The Chase foreign transaction fee is either $0 or 3% of what you spend, depending on which credit card you get. Chase’s most popular travel rewards credit cards don’t charge foreign fees. That includes both Sapphire Preferred and Sapphire Reserve. But Freedom, Freedom Unlimited and Slate are among the Chase credit cards with a 3% foreign transaction fee.
It makes sense that the Chase Sapphire cards don’t have foreign fees, while Chase Slate does. The Sapphire cards are specifically intended for travel, and travel isn’t always domestic. And Slate is designed for saving on debt, not globetrotting. But it’s a little weird that Freedom isn’t free internationally, even when it’s Unlimited. After all, even if you don’t travel abroad, Chase’s credit card foreign transaction fee could come into play. It applies to purchases made through international companies when you’re in the U.S., too.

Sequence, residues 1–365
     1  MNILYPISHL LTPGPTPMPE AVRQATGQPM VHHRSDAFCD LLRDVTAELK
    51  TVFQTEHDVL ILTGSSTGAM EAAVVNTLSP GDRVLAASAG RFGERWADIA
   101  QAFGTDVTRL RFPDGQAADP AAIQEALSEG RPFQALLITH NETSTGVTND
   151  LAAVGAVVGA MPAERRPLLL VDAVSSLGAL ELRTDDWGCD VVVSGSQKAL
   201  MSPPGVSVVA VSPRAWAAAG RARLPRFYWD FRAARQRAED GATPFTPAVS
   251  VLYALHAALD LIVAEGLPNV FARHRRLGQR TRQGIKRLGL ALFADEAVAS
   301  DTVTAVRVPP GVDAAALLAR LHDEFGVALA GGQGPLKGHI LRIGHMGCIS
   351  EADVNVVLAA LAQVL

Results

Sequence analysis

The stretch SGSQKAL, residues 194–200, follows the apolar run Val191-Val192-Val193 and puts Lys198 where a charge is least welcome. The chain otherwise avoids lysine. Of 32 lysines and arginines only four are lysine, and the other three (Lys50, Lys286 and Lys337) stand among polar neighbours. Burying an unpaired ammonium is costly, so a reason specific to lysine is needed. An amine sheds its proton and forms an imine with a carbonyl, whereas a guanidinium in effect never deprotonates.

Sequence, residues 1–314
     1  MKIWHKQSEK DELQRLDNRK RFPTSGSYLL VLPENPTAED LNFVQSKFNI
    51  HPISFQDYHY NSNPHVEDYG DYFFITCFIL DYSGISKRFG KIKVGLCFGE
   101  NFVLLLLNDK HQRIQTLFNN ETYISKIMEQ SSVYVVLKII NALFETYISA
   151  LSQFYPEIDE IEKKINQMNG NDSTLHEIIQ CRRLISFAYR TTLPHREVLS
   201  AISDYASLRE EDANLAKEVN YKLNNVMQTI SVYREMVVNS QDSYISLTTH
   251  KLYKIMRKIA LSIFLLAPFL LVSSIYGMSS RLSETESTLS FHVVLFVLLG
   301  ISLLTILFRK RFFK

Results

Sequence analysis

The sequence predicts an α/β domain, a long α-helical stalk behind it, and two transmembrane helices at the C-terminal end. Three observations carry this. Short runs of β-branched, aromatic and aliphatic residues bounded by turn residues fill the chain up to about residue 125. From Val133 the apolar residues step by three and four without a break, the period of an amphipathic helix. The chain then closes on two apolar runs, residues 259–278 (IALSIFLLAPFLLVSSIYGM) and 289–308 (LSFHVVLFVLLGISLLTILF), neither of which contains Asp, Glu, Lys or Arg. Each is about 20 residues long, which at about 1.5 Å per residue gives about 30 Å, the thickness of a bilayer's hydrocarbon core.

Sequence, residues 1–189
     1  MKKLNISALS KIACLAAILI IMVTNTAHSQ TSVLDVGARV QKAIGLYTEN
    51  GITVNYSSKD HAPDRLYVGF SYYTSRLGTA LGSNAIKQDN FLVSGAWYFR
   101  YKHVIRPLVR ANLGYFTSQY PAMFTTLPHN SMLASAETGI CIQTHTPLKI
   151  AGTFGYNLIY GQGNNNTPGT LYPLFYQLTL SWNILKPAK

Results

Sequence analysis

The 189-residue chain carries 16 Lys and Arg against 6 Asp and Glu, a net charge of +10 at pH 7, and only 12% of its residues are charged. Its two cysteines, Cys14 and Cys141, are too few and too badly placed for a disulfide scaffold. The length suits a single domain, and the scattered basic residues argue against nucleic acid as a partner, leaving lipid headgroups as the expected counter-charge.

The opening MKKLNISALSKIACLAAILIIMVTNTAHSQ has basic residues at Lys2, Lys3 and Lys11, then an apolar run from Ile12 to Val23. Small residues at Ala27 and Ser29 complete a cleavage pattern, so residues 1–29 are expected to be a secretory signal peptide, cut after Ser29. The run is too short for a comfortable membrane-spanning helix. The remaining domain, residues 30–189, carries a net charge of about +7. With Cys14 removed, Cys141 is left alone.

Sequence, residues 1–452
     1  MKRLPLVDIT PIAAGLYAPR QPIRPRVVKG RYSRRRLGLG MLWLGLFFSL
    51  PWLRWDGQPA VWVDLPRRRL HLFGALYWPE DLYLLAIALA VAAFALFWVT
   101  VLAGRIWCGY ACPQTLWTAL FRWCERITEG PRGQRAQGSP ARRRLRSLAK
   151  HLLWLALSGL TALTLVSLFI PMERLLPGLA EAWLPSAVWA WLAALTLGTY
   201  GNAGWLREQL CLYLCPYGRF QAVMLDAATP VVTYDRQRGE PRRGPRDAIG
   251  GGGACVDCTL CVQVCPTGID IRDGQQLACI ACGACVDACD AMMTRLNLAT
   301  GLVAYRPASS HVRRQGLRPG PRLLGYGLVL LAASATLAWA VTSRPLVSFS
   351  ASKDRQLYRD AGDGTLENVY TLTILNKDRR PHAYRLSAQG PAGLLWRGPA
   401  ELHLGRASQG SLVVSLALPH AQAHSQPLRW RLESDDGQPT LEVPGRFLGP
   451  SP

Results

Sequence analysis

Still, those might not be the only Chase cards you’re interested in. So I’ll break down more of your options below.
Here are the Chase credit cards with no foreign transaction fee:
- Chase Sapphire Preferred - $95 annual fee ($0 first year)
- Chase Sapphire Reserve - $450 annual fee
- Ink Business Preferred - $95 annual fee
- J.P. Morgan Reserve - $450 annual fee
- United MileagePlus Explorer Business - $95 ($0 first year)
Here are the Chase cards with a 3% foreign transaction fee:
- Chase Freedom - $0 annual fee
- Chase Freedom Unlimited - $0 annual fee
- Chase Slate - $0 annual fee
- Disney Rewards - $0 annual fee
Apparently, you have to choose between paying Chase foreign transaction fees and annual fees. But think of it this way: If you’re a frequent traveler, not having to pay fees abroad probably outweighs the cost of a once a year annual fee.
Let’s say you spend $5,000 abroad in one year. 3% of that is $150. And that’s more than the annual fee of 3 no foreign fee Chase cards. Plus, people with Sapphire Reserve and J.P. Morgan Reserve are probably spending a lot more than that.